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Moon Metal and Mounds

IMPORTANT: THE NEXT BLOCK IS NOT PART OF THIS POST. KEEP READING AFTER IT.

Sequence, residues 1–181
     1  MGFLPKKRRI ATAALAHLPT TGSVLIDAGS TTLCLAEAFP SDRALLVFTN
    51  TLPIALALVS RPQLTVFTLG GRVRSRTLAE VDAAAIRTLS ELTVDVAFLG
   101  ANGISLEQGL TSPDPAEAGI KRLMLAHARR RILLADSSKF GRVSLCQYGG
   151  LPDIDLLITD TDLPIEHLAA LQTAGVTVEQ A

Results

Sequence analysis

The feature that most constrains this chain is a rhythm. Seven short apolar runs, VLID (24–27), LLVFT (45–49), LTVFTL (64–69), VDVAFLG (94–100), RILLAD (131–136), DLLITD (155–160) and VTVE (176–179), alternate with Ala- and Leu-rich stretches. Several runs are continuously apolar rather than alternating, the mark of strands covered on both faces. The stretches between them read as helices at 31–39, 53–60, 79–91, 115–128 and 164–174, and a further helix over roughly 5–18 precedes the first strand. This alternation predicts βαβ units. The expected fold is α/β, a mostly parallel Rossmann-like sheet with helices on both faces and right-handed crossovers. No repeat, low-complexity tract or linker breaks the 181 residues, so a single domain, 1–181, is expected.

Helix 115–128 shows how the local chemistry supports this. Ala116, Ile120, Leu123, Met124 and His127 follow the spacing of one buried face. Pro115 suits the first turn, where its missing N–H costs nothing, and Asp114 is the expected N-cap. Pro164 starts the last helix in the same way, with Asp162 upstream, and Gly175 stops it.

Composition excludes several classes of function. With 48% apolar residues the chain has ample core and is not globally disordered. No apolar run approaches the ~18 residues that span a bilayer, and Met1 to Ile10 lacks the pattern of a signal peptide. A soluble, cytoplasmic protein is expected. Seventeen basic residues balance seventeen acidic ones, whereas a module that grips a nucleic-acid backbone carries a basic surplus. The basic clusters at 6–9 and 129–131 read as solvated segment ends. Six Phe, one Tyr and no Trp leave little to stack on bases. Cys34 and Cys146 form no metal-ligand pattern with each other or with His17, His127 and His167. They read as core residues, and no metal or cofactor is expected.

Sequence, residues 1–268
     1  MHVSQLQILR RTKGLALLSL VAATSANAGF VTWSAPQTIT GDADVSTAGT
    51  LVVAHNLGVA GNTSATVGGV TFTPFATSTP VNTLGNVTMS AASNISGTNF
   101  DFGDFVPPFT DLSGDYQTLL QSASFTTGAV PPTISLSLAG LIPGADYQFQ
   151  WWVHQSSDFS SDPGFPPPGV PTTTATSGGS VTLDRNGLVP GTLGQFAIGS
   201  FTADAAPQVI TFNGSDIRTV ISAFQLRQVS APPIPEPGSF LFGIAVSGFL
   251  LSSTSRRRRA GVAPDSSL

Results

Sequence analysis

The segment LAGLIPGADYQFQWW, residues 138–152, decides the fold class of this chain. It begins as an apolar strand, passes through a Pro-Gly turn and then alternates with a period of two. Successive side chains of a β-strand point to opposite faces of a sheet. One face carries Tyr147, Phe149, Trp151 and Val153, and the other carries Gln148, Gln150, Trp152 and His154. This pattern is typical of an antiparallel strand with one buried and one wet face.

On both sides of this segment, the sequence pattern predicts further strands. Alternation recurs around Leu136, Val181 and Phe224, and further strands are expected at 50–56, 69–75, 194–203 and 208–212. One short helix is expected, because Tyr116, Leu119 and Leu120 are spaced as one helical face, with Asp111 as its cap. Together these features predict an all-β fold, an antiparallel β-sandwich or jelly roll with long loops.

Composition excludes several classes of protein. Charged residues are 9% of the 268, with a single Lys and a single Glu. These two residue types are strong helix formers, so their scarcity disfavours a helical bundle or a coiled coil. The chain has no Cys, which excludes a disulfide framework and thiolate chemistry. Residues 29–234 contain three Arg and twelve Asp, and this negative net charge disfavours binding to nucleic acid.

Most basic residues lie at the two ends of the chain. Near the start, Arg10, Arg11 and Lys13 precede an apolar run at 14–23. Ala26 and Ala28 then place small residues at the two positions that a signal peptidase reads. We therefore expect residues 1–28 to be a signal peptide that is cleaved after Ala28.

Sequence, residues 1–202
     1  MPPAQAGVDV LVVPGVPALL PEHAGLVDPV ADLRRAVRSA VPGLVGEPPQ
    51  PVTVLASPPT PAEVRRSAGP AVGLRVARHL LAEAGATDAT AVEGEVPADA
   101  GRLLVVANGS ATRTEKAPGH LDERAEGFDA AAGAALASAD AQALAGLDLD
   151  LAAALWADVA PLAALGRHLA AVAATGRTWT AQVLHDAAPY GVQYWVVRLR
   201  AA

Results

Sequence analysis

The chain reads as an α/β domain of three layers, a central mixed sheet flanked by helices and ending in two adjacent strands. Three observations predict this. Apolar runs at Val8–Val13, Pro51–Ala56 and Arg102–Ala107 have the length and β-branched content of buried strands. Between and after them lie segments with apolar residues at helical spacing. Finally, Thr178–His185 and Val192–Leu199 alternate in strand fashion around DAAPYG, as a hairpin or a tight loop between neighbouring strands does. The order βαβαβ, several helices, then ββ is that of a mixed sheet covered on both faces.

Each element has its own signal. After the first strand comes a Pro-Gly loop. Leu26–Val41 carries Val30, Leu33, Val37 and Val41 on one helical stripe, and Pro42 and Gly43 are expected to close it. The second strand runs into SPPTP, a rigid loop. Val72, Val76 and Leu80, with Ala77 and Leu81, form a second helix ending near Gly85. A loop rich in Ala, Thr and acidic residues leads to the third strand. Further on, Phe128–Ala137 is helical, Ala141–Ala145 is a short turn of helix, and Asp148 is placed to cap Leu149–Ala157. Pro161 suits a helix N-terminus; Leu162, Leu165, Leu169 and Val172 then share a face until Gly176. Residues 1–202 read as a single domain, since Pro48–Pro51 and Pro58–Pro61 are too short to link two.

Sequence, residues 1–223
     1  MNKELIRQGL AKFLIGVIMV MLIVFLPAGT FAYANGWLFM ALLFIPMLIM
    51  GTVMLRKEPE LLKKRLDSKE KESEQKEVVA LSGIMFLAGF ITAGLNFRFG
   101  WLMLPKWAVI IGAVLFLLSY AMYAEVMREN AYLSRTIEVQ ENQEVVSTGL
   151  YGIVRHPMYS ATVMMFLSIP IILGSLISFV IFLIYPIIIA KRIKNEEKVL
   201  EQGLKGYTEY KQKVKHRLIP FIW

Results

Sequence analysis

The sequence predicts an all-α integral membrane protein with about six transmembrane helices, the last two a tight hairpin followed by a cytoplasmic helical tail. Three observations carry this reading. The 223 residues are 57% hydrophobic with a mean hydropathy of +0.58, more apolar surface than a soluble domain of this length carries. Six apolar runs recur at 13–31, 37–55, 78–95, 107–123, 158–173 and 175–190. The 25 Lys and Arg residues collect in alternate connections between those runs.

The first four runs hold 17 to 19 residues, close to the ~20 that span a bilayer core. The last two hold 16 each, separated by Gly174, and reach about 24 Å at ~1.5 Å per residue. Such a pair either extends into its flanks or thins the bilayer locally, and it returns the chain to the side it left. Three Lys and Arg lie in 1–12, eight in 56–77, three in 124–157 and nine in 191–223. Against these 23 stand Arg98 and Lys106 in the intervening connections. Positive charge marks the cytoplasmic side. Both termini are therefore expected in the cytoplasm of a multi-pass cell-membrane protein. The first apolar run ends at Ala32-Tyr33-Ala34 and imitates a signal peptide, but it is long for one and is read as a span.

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"North American Indians have no tradition of silver mining," notes Mitchell Museum of the American Indian director Janice Klein. Everything on display in "Silver," the museum's new exhibit of 300 years of Native American silver craftsmanship, was "made from sheet metal obtained from non-Natives or recycled from coins, medals, or other objects." Beginning with 18th-century ornaments made by Europeans or colonials and given to tribal leaders as gifts, the show traces the development of Native American silver work in the northeast, Great Plains, and southwest, and includes many early pieces made of a copper, nickel, and zinc alloy called trade silver. Besides items from the Mitchell's collection, the exhibit includes work on loan from the Field Museum and private collectors. Also at the museum this Sunday, September 28, part-time historian Fred Christensen will lecture on an older aspect of Native American culture: the Cahokia Mounds, near Collinsville. Constructed as burial sites and as platforms for palaces and temples, the mounds contained evidence of spectacular funerals--including one person laid to rest atop 20,000 beads arranged in the shape of a bird. The talk starts at 1; "Silver" continues through January 11. The museum is at 2600 Central Park Avenue in Evanston. Hours are 10 to 5 Tuesday, Wednesday, Friday, and Saturday; 10 to 8 Thursday; and noon to 4 Sunday. There's a suggested donation of $5 for adults; $2.50 for seniors, students, and kids; and $10 for families. Call 847-475-1030.

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